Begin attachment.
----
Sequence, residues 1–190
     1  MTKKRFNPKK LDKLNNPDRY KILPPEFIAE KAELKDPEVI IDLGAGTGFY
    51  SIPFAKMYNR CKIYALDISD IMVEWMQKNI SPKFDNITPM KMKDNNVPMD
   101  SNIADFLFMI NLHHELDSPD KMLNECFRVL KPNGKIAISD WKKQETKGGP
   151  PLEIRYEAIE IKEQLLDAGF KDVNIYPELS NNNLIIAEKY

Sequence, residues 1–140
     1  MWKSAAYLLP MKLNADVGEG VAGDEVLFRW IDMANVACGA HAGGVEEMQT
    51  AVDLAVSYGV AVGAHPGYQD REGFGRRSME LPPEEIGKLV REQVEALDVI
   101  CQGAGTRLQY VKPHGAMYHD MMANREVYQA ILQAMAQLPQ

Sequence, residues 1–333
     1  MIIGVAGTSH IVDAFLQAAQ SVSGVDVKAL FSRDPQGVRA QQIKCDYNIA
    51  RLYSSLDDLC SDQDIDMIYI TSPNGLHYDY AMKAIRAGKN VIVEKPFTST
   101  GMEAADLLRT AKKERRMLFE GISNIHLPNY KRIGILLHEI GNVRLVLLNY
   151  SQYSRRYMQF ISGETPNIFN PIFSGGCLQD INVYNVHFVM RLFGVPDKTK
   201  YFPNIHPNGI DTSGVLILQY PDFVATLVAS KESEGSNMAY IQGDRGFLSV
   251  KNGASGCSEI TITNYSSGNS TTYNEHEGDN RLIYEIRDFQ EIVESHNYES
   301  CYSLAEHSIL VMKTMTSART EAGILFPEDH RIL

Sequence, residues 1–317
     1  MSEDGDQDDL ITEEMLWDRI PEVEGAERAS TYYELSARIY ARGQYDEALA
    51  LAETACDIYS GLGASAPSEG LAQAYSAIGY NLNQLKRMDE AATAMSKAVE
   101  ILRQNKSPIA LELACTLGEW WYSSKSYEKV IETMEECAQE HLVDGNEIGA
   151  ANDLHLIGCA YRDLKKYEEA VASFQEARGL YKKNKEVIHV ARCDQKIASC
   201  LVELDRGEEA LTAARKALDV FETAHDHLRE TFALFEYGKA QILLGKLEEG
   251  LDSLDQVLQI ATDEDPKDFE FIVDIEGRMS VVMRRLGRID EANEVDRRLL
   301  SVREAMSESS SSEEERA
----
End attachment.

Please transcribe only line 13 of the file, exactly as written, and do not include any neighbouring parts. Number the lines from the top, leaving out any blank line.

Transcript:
   101  GMEAADLLRT AKKERRMLFE GISNIHLPNY KRIGILLHEI GNVRLVLLNY